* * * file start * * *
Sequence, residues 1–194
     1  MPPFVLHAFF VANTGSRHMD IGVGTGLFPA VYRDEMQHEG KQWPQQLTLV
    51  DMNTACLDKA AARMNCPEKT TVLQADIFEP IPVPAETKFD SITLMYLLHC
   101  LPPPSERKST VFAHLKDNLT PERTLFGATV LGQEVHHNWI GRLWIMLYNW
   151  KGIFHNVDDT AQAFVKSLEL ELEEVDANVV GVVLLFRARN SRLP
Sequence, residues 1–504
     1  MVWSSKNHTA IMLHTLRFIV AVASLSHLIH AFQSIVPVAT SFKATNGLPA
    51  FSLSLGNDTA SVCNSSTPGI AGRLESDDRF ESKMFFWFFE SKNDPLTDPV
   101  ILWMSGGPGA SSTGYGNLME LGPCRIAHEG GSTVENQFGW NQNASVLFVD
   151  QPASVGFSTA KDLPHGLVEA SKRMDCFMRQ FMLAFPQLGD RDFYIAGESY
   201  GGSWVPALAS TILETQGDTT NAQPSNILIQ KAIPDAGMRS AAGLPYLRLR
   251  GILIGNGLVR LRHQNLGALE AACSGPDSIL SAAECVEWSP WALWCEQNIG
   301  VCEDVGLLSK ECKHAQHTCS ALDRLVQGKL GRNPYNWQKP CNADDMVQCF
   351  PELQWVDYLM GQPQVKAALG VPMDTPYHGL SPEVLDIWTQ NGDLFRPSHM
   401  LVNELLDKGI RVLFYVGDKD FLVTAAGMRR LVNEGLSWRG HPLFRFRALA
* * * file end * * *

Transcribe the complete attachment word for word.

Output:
Sequence, residues 1–194
     1  MPPFVLHAFF VANTGSRHMD IGVGTGLFPA VYRDEMQHEG KQWPQQLTLV
    51  DMNTACLDKA AARMNCPEKT TVLQADIFEP IPVPAETKFD SITLMYLLHC
   101  LPPPSERKST VFAHLKDNLT PERTLFGATV LGQEVHHNWI GRLWIMLYNW
   151  KGIFHNVDDT AQAFVKSLEL ELEEVDANVV GVVLLFRARN SRLP
Sequence, residues 1–504
     1  MVWSSKNHTA IMLHTLRFIV AVASLSHLIH AFQSIVPVAT SFKATNGLPA
    51  FSLSLGNDTA SVCNSSTPGI AGRLESDDRF ESKMFFWFFE SKNDPLTDPV
   101  ILWMSGGPGA SSTGYGNLME LGPCRIAHEG GSTVENQFGW NQNASVLFVD
   151  QPASVGFSTA KDLPHGLVEA SKRMDCFMRQ FMLAFPQLGD RDFYIAGESY
   201  GGSWVPALAS TILETQGDTT NAQPSNILIQ KAIPDAGMRS AAGLPYLRLR
   251  GILIGNGLVR LRHQNLGALE AACSGPDSIL SAAECVEWSP WALWCEQNIG
   301  VCEDVGLLSK ECKHAQHTCS ALDRLVQGKL GRNPYNWQKP CNADDMVQCF
   351  PELQWVDYLM GQPQVKAALG VPMDTPYHGL SPEVLDIWTQ NGDLFRPSHM
   401  LVNELLDKGI RVLFYVGDKD FLVTAAGMRR LVNEGLSWRG HPLFRFRALA